Today's training has been a little weird.
But first, it has been a totally liberating experience to learn that there are no fixed ways, or the "proper right way", of practising yoga asanas. For instance, when doing a spinal twist lying down, it is okay to keep either the crossed bent knees or the shoulder on the ground -- there is no need to keep both knees AND the shoulder on the ground -- better still, to straighten the top leg onto the floor and then rest the shoulder on the floor. As long as I am achieving the pupose of the pose, it is FINE. It doesn't have to LOOK right.
Also, it is totally okay to not be able to get into certain poses (Bird of Paradise, or in my case, Prawn of Paradise, for instance) because of anatomical limitations. It is something I may have to come to terms with (especially when I see my instuctors or fellow students give their body a beautiful full and open twist!!) but not having the physical built for certain yoga poses is simply a fact of life. And no matter how long or hard I practise, unless I have an operation, it's not going to happen. All this does bring me to the fundamental question: Why am I practising yoga? My answer is the same as it was months ago: to pay more attention to the body, to take care of it and, in more recent months, to start using asanas to keep the body healthy - the fact it feels darn good is a bonus! (I have not reached the spiritual stage yet ...)
So, in that respect, I'm still enjoying this teacher training by Paul and Suzee. However, this afternoon, especially towards the end of the class, it became more and more apparent that someone really had an axe to grind -- and it weren't the students.
I take Paul's point that there shouldn't be "fixed rules" in yoga practice because everyone's body is different but he went a little further in, in a tongue-in-cheek way, slamming other yoga schools (though, in all fairness, he says all systems are good BUT, on the other hand, he also points out that each and every asana is bad for somebody) ... Thus it kinda becomes a little confusing as to what exactly are the objectives (or agenda) of his training course: to advocate better understanding of Yoga Anatomy and its applications in yoga teaching and learning? I think the couple is doing a fantasic and admirable job in that; OR to diss other yoga schools, which I honestly thought Paul was doing this afternoon. The way he dismissed questions (from genuinely dedicated yogo teachers) that challenged HIS views and beliefs with a wave of a hand was also alarming.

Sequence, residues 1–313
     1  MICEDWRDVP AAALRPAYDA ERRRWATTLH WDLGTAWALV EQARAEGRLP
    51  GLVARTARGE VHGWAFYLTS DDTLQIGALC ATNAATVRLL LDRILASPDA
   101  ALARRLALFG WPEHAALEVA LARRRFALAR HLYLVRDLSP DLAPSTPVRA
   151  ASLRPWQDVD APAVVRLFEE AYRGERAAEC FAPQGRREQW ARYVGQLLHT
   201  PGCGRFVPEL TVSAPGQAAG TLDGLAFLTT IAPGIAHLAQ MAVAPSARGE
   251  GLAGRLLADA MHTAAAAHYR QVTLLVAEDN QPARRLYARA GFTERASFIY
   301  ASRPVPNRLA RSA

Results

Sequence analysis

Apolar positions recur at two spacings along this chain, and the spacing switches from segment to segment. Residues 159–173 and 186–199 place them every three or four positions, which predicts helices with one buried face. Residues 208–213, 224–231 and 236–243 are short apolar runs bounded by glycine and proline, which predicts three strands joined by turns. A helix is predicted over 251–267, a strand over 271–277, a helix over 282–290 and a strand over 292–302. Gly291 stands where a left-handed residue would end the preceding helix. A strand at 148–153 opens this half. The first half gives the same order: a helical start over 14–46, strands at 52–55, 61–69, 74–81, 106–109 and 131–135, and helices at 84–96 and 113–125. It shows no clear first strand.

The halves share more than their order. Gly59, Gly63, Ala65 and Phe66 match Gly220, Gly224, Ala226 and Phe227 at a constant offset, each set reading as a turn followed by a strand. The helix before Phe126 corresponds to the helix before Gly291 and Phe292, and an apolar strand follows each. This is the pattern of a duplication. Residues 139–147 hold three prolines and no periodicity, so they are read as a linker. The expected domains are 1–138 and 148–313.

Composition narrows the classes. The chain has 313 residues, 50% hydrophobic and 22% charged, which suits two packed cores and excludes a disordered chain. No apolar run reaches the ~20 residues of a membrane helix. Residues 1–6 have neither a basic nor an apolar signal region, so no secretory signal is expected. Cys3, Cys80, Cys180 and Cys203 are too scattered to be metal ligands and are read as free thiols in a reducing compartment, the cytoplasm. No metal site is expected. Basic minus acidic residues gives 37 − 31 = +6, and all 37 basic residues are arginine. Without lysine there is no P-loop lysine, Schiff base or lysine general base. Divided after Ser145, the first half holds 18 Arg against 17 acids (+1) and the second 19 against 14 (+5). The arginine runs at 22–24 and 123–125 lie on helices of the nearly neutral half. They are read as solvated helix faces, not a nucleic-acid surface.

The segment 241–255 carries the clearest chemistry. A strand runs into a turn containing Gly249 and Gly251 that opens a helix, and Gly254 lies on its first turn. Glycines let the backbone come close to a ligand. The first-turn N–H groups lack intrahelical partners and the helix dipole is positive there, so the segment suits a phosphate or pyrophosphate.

I did walk away doubting (briefly) my own teachers (have they been WRONG?) I mean, yes, I think there had been instances when they asked me to get into challenging poses without taking into consideration of my anatomical makeup but I think, at the end of the day, they just wanted me to experience the sensations of the pose ~ their intentions are always good and for my benefit. I don't think for a moment they are out to hurt their students.
Well, tomorrow is the last day of the training and I will get a neat little certificate. But what is more important is that I hope I'll come out of this as a better student ... and not a confused one who doubts about his own practice and teachers ...